Editor’s Note: This is the second week of a 4 1/2 month challenge, taken by 88 blogs spanning the country, to eat one meal a week as local, sustainable, ethical and organic as possible. You can click the link on the right side bar to read more! – Christina
I tossed around several meal ideas for this, the first of my Dark Days Challenge meals. This meal was inspired by my flour, which I was thrilled to discover is locally milled in Westport, NY, about 100 miles away. With just five easy-to-find-locally ingredients, crepes seemed like the perfect meal to experiment with.
Several summers ago, our family hosted a French student who (lucky us!!) happened to be the daughter of a French baker. She brought us our own crepe pan as a thank-you, and we received many lessons in the art of crepe-making. I will not get into the details of cooking the crepes in this post; there is certainly a learning curve, and it takes a little practice. (Here is a good video tutorial from YouTube)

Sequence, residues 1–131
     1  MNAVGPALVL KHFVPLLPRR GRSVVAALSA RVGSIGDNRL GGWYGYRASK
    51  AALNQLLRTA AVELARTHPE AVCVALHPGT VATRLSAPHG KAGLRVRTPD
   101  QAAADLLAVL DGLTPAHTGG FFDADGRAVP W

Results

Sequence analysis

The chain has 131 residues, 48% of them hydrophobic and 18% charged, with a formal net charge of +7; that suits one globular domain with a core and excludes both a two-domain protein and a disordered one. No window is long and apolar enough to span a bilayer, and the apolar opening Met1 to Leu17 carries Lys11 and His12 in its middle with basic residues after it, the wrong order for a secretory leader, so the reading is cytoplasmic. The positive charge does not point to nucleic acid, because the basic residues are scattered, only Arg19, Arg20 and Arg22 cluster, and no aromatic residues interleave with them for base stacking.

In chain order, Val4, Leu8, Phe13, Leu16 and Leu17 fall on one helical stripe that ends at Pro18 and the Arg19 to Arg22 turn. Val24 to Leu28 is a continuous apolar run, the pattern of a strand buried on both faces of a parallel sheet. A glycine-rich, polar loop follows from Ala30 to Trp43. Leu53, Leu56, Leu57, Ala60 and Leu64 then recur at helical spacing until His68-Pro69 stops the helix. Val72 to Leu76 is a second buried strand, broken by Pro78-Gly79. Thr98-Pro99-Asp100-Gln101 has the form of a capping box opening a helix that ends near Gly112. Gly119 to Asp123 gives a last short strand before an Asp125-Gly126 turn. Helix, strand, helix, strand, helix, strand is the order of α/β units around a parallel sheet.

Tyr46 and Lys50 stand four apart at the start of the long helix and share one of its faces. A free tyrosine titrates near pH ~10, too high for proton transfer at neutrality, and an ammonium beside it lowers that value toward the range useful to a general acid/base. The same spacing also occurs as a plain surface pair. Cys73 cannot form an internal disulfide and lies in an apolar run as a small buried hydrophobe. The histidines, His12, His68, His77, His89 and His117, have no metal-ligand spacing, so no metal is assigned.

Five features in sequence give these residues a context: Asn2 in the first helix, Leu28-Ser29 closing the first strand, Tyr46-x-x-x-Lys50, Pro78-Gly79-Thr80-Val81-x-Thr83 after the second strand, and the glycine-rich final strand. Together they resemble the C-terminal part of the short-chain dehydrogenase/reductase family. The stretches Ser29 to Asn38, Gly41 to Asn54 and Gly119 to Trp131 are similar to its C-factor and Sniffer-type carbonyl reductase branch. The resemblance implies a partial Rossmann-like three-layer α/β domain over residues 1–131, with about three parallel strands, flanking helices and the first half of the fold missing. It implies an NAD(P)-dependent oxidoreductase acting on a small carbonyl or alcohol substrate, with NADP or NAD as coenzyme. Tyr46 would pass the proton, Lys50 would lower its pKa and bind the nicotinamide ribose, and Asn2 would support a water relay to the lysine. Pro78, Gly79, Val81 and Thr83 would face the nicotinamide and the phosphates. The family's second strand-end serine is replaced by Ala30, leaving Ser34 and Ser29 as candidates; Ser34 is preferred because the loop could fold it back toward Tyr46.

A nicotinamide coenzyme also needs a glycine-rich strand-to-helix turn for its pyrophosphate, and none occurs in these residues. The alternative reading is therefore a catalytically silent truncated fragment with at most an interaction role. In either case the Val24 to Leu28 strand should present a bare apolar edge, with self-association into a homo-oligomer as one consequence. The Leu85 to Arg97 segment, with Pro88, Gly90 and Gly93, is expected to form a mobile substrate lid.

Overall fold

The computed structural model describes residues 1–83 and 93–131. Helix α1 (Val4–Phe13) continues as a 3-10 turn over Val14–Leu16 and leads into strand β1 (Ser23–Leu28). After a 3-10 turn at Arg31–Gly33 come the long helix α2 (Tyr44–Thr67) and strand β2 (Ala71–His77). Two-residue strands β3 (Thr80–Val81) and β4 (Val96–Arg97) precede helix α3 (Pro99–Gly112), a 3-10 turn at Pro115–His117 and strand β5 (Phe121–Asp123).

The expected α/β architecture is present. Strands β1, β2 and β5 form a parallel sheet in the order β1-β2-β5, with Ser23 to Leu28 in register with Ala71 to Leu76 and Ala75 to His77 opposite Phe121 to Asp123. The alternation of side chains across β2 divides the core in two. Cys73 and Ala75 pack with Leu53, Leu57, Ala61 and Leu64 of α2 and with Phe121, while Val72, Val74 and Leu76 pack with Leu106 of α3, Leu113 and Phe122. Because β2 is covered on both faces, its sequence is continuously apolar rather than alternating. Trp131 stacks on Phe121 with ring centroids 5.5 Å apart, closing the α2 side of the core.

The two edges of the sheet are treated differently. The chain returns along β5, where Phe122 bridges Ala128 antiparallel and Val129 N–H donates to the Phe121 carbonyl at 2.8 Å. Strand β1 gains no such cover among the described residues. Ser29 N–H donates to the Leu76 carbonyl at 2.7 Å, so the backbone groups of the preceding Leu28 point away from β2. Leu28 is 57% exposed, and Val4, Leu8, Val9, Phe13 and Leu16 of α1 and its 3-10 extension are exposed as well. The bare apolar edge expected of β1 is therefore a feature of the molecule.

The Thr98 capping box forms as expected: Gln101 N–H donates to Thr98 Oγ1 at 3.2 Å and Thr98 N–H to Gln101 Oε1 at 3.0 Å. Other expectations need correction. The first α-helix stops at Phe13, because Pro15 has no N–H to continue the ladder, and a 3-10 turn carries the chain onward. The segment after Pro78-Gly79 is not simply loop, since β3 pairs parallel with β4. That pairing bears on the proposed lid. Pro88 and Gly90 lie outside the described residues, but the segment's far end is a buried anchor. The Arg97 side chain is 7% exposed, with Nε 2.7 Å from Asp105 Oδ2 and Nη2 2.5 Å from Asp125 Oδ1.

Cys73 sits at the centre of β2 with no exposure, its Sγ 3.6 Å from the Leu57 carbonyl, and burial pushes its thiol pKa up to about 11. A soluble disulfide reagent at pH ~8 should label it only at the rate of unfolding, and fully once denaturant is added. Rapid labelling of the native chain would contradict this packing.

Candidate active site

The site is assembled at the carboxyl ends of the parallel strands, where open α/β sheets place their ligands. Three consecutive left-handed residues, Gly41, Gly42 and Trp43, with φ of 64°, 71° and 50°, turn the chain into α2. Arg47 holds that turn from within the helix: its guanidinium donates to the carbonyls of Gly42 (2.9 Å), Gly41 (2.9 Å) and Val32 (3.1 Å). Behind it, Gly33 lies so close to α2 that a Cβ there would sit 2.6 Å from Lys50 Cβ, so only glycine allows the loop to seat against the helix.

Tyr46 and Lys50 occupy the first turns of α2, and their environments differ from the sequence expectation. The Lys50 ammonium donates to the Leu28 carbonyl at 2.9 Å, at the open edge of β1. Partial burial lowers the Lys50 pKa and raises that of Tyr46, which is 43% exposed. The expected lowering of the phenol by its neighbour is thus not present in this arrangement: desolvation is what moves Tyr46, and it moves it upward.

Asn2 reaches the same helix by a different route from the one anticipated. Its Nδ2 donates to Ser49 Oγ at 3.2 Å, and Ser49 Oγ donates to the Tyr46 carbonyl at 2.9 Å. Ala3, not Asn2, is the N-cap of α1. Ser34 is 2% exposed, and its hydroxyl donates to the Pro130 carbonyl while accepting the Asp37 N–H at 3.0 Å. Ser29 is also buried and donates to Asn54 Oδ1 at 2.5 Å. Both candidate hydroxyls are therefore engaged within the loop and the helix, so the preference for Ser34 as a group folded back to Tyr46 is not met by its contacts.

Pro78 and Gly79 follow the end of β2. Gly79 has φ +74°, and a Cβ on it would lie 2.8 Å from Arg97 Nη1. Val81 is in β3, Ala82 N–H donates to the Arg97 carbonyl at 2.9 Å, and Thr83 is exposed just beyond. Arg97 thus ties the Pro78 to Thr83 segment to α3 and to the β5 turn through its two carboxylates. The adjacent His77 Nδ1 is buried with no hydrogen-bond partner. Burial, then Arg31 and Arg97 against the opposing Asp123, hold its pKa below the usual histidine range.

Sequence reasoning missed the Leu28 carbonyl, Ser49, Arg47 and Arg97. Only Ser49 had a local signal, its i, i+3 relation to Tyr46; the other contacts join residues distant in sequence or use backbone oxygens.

The ingredients for the crepe batter were all local, with the exception of the salt.
- 2 c. flour (local-ish; I used Champlain Valley Milling Organic Whole Wheat Bread Flour, milled in Westport, NY)
- 1 1/2 c. milk, from Kings Brothers Dairy in Schuylerville, NY
- 1 1/2 c. water
- 4 eggs, from Thomas’ Poultry Farm in Schuylerville, NY
- 1/4 tsp. salt
Mix all ingredients in a large bowl; batter will be a little lumpy, that’s okay. It should be pretty thin-if it’s too thick you won’t be able to spread a nice, thin crepe. Additional milk can be added, if necessary, to achieve the right consistency.
I cooked the crepes all at once (with Amish butter to grease the crepe pan), about 1/4-1/2 c. of batter at a time. This step was time-consuming, and can be done slightly ahead of time; just cover the cooked crepes with a damp towel.
For our crepe filling, I used the following:
- 6 scrambled eggs, from Thomas’ Poultry Farm
- 1 large sweet onion, caramelized, from Denison Farm in Schaghticoke, NY
- butter from caramelizing was Amish Country Butter from the Colonie Farmer’s Market (thanks to my sister!)
- 1 tub of Chevre cheese, from Nettle Meadow in Warrensburg, NY
We just spooned the desired amount of filling items onto one half of the crepe, folded in half, and enjoyed.
As an added bonus, the batter recipe made enough crepes that we even had some for dessert. We spread a few spoonfuls of yogurt (homemade from King’s Brothers Dairy milk) onto the crepe, topped with a swirl of local maple syrup, and rolled it up!